The Mousetrap is celebrating the 62nd year of a record breaking run. It is quite simply a great piece of theatrical history because of what it is, a whodunit, written by the greatest crime writer of all time, Agatha Christie (above), writes PETER GRACE
When Agatha Christie’s play, The Mousetrap, opened at the Ambassadors Theatre on November 25th, 1952, Stalin ruled the Soviet Union, Eisenhower was President of the United States, de Valera was Taoiseach and Marciano was heavyweight champion of the world.
She had originally written it as a radio play to mark the 80th birthday of Queen Mary, consort of King George V.
Its title then was ‘The Three Blind Mice’ but, when the stage version appeared, the name had to be changed because a play of the same title had already been staged in London.
The play had its first night at the Theatre Royal in Nottingham, and the fact that she broke her wrist on the previous day seemed to foretell disaster. The disaster never came, and that first night was a great success.
The play then had a few performances in Oxford, Manchester, Liverpool, Newcastle, Leeds and Birmingham before starting its long and continuous run in London. When it opened at the Ambassadors Theatre, there were 453 people in attendance. The Mousetrap is set in a remote country house that is cut off by snow. Tension steeply rises when those present suddenly have to face up to the fact that there is a murderer in their midst.
Those present then become an assortment of suspects. At the end of the play, when the killer has been unmasked, the audience is asked not to reveal what happened in the final scene. It ran for 21 years at the Ambassadors Theatre and then, without missing a performance, it moved to St. Michael’s Theatre next door.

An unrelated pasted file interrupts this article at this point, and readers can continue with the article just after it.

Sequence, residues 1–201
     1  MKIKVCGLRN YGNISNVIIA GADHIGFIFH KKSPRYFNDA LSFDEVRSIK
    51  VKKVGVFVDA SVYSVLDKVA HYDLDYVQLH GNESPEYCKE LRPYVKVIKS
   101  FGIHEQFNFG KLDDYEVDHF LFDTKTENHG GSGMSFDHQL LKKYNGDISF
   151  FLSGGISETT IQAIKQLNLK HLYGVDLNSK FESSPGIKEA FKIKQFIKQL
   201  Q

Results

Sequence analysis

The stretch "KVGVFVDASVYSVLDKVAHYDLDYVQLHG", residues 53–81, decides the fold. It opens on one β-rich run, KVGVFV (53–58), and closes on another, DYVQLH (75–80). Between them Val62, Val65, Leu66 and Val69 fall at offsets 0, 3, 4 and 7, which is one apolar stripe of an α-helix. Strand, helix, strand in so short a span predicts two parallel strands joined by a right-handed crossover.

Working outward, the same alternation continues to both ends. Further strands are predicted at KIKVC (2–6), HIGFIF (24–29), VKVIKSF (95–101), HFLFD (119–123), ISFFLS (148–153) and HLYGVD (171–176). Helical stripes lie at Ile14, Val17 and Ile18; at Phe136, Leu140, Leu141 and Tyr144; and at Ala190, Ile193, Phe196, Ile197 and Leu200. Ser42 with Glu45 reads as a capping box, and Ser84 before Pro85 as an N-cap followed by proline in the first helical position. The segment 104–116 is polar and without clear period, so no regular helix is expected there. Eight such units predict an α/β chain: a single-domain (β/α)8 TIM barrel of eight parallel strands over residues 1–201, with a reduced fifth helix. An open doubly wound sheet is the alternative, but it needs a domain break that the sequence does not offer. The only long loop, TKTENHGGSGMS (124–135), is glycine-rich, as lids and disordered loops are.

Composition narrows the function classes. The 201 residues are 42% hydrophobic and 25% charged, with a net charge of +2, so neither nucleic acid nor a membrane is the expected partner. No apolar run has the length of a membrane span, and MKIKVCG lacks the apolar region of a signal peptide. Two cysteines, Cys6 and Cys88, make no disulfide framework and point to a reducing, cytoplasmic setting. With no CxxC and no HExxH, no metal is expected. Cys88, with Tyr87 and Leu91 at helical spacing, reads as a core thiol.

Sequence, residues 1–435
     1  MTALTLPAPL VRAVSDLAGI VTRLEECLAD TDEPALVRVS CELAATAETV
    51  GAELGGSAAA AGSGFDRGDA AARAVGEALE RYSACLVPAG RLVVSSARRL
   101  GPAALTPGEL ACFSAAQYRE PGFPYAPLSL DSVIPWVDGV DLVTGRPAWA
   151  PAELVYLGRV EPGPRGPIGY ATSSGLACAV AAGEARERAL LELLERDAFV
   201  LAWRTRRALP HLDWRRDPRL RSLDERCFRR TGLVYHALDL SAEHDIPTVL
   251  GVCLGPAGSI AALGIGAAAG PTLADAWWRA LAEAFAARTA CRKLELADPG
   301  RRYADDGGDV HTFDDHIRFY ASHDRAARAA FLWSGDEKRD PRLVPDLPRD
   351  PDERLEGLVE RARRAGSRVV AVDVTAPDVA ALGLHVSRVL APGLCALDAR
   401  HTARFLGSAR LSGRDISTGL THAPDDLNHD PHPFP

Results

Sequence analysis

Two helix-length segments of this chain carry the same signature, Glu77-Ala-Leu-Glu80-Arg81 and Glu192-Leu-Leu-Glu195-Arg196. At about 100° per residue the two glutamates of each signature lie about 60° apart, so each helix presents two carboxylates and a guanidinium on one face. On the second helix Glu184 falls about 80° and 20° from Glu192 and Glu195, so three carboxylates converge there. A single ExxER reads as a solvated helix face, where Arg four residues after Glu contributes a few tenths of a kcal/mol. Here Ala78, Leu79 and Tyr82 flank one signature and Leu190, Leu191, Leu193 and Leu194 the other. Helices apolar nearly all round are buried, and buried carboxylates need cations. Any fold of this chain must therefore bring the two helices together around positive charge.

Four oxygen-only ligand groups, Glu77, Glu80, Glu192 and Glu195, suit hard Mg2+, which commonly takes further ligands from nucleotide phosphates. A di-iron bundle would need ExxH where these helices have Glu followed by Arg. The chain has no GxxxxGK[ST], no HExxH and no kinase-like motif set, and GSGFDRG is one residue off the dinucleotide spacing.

Between the two theatres, it has run for over sixty years, and on November 18th, 2012, it had its 25,000th performance. It is by far the longest initial run of any play in history. Agatha Christie certainly did not expect a very long run. It was suggested to her after that opening night in the West End that it would run for fourteen months, she replied, “It won’t run that long. Eight months perhaps. Yes, I think eight months.” Why has The Mousetrap lasted so long? The main reason is Agatha Christie herself.
She is the best-selling novelist of all time. Her appeal applies to every race, colour and class. About 4 billion copies of her novels have been sold, and her books have been translated into over 100 languages. Sales to foreign countries have been considerably helped by the fact that her novels are useful in the teaching of the English language. Many of her books and stories were filmed. Some of these movies, such as And Then There Were None, Witness for the Prosecution and Murder on the Orient Express, were very popular.
This shy and retiring lady killed off dozens of characters more cunningly and more bafflingly than any other crime writer anywhere. This is why she is still the greatest of all crime writers. It has been claimed by many that characterisation in her novels is rudimentary and that the writing is dull. She herself seemed to agree.
“If I could write like Elizabeth Bowen, Muriel Spark or Graham Greene, I would jump to high heavens with delight, but I know I can’t.” She became immensely popular because in her novels no holds are barred. Clues and red herrings are tossed out thick and fast, and the ingenuity is magnificent. It is extraordinary to accept that, in her own words, she dreamed up many of her plots while she chewed apples in her bath. In 1926 she shot to real fame when The Murder of Roger Ackroyd appeared. The book was written with splendid simplicity, and yet practically no one guessed who committed the murder. Agatha Mary Clarissa Christie was born into a fairly prosperous family in 1890 and was educated at home by governesses. In 1914, she married Colonel Christie. When he went off to serve in WW1, she served as a nurse in a hospital where the patients were mostly wounded soldiers. It was during that time that she learned so much about poisons. Indeed, the victim in her first novel The Mysterious Affair at Styles (published in 1920) was poisoned.
After the war, Colonel Christie returned home, but after some years the marriage ran into problems. After divorce from Christie, she married Sir Max Mallowan, an archaeologist of note. She then settled down to a lifetime of writing. In all, she wrote 66 detective novels and 14 short story collections, together with 6 romances (under the name Mary Westmacott).
She died in 1976. Incidentally, Agatha Christie never earned a penny in royalties from the play. She had given them as a present to her grandson Matthew Prichard on the occasion of his eighth birthday.